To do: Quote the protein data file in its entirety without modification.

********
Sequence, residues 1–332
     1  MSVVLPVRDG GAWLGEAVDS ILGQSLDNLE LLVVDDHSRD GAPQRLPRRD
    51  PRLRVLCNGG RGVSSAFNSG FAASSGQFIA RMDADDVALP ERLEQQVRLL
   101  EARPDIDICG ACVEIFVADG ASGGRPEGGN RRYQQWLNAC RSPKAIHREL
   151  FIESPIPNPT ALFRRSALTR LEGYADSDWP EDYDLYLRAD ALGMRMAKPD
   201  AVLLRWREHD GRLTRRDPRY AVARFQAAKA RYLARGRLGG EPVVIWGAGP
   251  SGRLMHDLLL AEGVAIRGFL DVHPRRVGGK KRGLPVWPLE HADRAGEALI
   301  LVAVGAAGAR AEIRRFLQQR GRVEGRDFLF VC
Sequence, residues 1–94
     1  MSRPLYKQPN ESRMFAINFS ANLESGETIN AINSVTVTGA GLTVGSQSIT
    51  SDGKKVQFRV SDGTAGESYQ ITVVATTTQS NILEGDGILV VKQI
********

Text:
Sequence, residues 1–332
     1  MSVVLPVRDG GAWLGEAVDS ILGQSLDNLE LLVVDDHSRD GAPQRLPRRD
    51  PRLRVLCNGG RGVSSAFNSG FAASSGQFIA RMDADDVALP ERLEQQVRLL
   101  EARPDIDICG ACVEIFVADG ASGGRPEGGN RRYQQWLNAC RSPKAIHREL
   151  FIESPIPNPT ALFRRSALTR LEGYADSDWP EDYDLYLRAD ALGMRMAKPD
   201  AVLLRWREHD GRLTRRDPRY AVARFQAAKA RYLARGRLGG EPVVIWGAGP
   251  SGRLMHDLLL AEGVAIRGFL DVHPRRVGGK KRGLPVWPLE HADRAGEALI
   301  LVAVGAAGAR AEIRRFLQQR GRVEGRDFLF VC
Sequence, residues 1–94
     1  MSRPLYKQPN ESRMFAINFS ANLESGETIN AINSVTVTGA GLTVGSQSIT
    51  SDGKKVQFRV SDGTAGESYQ ITVVATTTQS NILEGDGILV VKQI